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Constitution Daily

On This Day, the State of Franklin Starts Its Brief Existence

On August 23, 1784, the self-proclaimed state of Franklin broke away from North Carolina and attempted an experiment at self-rule, in a dispute over land grants and sovereignty.

In June 1784, the North Carolina state government agreed to cede three of its western counties to the Confederation Congress in an attempt to assist with the large national debt following the revolutionary war. Upon hearing of North Carolina’s cession, the three counties’ residents met in Jonesborough that August to declare their own independent legal state, separate from North Carolina. Although North Carolina changed its mind by fall of 1784 about handing the three counties over to the federal government, the state of Franklin’s leaders were determined to continue with their plan for independence. They wrote their own Declaration of Independence and proposed a draft constitution in December 1784.

“We unanimously agree that our lives, liberties and Prosperity can be more secure & our happiness much better propagated by our separation & consequently that it is our duty and unalienable right to form ourselves into a new Independent State,” wrote the state of Franklin delegates in their Declaration.

The provisional constitution from December 1784 was modeled after North Carolina’s state constitution. While mostly the same, it lowered the land and wealth requirements for both voters and office holders.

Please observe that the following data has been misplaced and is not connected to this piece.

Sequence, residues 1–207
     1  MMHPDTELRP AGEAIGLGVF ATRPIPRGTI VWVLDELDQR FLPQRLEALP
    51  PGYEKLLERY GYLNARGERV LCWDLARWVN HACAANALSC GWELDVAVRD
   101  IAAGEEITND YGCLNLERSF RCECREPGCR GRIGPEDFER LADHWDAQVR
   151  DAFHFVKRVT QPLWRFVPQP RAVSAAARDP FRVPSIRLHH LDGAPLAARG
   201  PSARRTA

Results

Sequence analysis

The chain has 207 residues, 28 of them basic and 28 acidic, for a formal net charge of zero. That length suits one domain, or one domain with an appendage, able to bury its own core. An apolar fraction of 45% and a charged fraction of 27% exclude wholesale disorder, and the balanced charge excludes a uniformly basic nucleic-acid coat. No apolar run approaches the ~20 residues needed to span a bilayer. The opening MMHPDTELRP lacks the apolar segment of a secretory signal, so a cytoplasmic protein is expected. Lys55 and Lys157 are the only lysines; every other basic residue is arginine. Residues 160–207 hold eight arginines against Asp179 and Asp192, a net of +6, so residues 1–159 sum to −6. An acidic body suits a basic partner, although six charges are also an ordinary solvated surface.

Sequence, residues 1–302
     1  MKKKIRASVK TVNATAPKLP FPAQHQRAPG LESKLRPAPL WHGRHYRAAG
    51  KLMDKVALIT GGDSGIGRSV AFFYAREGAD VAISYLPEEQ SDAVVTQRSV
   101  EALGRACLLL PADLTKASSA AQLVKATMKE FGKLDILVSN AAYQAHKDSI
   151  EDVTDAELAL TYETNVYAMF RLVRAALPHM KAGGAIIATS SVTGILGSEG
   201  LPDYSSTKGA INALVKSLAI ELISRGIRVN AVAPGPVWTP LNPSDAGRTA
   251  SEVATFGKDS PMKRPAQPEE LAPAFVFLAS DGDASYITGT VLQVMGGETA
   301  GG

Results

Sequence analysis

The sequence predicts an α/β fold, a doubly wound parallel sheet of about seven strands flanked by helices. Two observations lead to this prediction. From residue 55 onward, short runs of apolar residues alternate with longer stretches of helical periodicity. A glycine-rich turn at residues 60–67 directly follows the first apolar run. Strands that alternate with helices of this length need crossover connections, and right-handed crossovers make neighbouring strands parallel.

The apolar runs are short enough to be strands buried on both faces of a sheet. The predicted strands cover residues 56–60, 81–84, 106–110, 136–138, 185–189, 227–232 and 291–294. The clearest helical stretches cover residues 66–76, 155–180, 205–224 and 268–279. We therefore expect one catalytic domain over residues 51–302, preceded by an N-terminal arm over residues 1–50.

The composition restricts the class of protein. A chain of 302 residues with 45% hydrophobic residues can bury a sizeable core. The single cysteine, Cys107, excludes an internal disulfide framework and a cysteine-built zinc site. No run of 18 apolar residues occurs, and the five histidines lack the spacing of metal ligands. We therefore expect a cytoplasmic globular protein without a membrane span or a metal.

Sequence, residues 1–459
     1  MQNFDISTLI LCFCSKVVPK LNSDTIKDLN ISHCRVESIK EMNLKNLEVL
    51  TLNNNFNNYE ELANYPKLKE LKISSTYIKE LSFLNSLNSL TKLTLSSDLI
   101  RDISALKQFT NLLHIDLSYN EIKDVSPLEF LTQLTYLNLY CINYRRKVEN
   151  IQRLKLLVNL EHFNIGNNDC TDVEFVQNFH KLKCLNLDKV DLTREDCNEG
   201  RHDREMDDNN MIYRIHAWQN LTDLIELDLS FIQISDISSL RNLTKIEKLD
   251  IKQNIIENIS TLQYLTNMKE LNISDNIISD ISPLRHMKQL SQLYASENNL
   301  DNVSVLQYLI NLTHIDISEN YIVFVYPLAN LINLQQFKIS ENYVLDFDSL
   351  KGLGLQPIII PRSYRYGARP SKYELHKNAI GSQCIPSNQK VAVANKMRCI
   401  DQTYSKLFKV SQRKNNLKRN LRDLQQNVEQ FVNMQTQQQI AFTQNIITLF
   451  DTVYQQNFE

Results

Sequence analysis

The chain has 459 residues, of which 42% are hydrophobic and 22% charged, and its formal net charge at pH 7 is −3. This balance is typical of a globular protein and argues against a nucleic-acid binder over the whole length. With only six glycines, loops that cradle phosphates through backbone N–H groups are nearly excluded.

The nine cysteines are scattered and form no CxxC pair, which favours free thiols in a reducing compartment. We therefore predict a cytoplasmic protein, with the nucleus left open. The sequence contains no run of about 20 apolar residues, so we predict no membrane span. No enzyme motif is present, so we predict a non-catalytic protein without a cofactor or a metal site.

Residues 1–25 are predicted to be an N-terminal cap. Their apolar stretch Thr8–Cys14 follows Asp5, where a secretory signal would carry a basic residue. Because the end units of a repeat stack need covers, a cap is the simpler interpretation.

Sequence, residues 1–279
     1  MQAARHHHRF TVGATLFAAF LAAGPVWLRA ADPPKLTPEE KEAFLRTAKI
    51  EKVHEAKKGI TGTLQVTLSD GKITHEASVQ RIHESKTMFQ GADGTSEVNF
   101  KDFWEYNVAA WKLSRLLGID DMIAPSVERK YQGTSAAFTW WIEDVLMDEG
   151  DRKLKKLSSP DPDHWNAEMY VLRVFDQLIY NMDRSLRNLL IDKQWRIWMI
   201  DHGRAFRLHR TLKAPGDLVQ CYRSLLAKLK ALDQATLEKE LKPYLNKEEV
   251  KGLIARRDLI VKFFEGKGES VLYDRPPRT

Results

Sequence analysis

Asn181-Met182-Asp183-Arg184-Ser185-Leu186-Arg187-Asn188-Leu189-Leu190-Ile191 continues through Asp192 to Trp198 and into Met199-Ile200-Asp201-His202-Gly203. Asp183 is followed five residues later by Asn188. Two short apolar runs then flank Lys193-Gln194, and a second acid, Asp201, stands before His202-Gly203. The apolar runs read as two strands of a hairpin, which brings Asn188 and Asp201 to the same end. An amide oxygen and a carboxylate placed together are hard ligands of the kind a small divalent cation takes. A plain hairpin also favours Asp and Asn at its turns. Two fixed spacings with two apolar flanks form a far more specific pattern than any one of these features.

An alternative constitution, called the Houston constitution (endorsed by the Rev. Samuel Houston), was quite different. It called the state “Frankland” and not Franklin. In addition to ministers, lawyers and doctors were barred from state office, as well as those of “an immoral character, or guilty of such flagrant enormities as drunkenness, gaming, profane swearing, lewdness, Sabbath breaking, and such like.”In November 1785, a state General Assembly met to consider the two constitutions, and it agreed to remain with the original December 1784 version.

From that point on, the state of Franklin failed to gain much traction. The Confederation Congress rejected Franklin’s request to become the 14th state. Two leaders, John Sevier and John Tipton, competed for power, and residents dealt with continual fighting and land disputes with the Cherokee Indians.

By 1788, the state of Franklin’s residents grew weary of independence and a year later, North Carolina took back the state of Franklin, turning it over to the federal government as part of the new Southwest Territory. In 1796, the former State of Franklin formed the eastern section of the new state of Tennessee.

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